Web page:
Google's Motorola Mobility Purchase Approval Expected Next Week
February 9, 2012 3:02 PM
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Google swears it will be fair with FRAND patents
Back in August 2011
, Google announced that it intended the purchase Motorola Mobility. Not only will the purchase get Google the ability to design and build its own smartphones, the deal means Google
acquires all of the patents that Motorola Mobility holds
. Since the deal was first announced, it has been going through all the hoops needed by regulators in the United States.
Wall Street Journal
reports that the deal is now close to being completed and approval from the U.S. Justice Department is expected to come as early as next week. Once the deal is complete, Google will layout $12.5 billion in exchange for Motorola Mobility.
However, some antitrust enforcers in America and Europe still worry about the deal. The fear stems from the fact that Motorola Mobility owns patents for things that are considered industry standards. The regulators fear that Google may attempt to license the patents for unfair prices to competitors.
When patents that a company holds are turned into industry standards, the companies that own the patents have to agree to license them under fair, reasonable, and nondiscriminatory terms also known as FRAND. FRAND patents are
hot topics right now
because some manufacturers that hold this type of patent have attempted to use them to get injunctions against competitors and courts.
Motorola most recently has used FRAND patents to win an injunction against Apple that forced the
suspension of sales of some of Apple products in Germany
. Google has been sending letters to standards organizations around the world that promise to offer licenses for the FRAND patents in the Motorola Mobility portfolio.
The letter read in part, "Google will not apply for injunctive relief against a willing licensee." The letter continued, "[we] reserve its right to seek any and all appropriate judicial remedies against counterparties [that refuse to license the patents]."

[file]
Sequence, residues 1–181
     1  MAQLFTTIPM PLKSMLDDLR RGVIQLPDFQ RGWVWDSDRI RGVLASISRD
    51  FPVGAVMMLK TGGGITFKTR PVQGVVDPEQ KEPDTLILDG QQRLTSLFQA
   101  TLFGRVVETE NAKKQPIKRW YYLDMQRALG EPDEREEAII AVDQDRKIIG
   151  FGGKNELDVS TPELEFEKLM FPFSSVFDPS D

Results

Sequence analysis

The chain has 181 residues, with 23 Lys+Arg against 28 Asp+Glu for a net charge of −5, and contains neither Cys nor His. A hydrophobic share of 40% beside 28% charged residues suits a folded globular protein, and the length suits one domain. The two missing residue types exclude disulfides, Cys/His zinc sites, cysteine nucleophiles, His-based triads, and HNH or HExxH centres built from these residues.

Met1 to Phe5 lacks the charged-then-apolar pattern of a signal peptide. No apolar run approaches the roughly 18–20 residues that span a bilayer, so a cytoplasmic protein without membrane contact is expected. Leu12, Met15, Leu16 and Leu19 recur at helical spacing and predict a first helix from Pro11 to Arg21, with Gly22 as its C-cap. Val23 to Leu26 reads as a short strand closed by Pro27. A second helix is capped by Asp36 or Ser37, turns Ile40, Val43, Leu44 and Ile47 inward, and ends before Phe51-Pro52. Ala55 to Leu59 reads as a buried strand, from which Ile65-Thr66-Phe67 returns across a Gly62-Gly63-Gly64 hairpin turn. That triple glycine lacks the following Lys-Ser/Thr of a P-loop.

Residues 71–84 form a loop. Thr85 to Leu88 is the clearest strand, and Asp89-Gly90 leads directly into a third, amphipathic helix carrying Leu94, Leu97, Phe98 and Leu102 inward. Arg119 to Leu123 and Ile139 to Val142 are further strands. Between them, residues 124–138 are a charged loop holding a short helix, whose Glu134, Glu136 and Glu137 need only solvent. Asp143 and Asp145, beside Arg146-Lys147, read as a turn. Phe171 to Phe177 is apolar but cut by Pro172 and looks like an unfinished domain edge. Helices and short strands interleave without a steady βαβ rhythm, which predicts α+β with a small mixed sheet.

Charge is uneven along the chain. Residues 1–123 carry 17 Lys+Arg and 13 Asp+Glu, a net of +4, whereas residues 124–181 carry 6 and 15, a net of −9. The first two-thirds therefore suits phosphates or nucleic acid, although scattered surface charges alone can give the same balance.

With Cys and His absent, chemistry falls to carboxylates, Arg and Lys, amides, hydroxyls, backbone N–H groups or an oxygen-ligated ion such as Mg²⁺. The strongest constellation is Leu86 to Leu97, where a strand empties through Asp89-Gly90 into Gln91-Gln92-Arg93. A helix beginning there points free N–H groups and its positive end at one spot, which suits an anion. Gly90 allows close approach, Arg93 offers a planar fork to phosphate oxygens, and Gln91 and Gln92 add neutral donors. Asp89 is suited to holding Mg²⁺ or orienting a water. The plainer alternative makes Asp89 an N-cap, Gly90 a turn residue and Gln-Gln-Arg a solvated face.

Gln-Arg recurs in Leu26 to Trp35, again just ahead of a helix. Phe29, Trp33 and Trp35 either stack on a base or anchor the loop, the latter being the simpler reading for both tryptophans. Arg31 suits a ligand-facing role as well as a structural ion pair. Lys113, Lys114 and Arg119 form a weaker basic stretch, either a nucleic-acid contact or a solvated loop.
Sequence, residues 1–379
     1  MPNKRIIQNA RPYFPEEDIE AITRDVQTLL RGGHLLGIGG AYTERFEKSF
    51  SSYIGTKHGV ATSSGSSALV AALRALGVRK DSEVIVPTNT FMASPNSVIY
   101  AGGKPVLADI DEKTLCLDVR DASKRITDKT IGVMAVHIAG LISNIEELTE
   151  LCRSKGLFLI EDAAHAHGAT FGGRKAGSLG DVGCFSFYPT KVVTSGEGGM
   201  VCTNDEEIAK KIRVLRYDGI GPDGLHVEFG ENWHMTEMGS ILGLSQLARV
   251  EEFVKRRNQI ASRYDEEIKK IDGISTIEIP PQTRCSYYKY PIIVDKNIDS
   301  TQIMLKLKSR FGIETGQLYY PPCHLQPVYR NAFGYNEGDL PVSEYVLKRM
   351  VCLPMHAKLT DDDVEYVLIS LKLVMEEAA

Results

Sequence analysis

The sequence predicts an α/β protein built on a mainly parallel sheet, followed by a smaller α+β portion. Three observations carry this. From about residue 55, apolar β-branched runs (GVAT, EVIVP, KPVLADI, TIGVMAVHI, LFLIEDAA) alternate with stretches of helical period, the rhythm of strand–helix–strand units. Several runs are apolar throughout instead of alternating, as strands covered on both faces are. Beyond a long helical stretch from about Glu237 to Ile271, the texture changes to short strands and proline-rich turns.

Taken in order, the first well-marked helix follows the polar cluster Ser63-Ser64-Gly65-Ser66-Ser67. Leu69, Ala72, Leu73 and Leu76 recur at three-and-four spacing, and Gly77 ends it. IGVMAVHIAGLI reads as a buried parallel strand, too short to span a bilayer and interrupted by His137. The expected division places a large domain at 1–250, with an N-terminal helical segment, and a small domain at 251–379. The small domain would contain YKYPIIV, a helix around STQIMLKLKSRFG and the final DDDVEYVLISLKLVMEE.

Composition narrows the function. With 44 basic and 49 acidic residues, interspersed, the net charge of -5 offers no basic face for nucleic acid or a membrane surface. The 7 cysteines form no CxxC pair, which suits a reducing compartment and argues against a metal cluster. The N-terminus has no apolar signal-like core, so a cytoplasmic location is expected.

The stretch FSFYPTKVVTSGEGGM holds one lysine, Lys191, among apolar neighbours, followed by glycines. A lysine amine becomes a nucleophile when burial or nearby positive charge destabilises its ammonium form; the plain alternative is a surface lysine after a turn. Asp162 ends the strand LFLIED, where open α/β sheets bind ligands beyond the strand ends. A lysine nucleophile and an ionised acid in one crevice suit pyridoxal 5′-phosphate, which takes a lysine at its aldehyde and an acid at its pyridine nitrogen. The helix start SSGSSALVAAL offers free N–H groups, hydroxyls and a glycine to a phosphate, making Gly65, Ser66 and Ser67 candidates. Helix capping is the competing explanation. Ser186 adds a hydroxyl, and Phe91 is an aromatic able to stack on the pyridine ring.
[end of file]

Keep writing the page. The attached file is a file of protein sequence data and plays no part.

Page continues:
Wall Street Journal
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RE: You must be thinking of Apple.....
2/10/2012 5:25:24 AM
Oh dear - it looks like you don't understand what FRAND means. Here is how Wikipedia defines FRAND
Standard-setting organizations commonly have rules that govern the ownership of patent rights that apply to the standards they adopt. One of the most common rules is that a patent that applies to the standard must be adopted on "reasonable and non-discriminatory terms" (RAND) or on "fair, reasonable, and non-discriminatory terms" (FRAND). The two terms are generally interchangeable; FRAND seems to be preferred in Europe and RAND in the U.S.
Standard-setting organizations include this obligation in their bylaws as a means of enhancing the pro-competitive character of their industry. They are intended to prevent members from engaging in licensing abuse based on the monopolistic advantage generated as a result of having their intellectual property rights (IPR) included in the industry standards. Once an organization is offering a FRAND license they are required to offer that license to anyone, not necessarily members of the group. Without such commitment, members could use monopoly power inherent in a standard to impose unfair, unreasonable and discriminatory licensing terms that would damage competition and inflate their own relative position.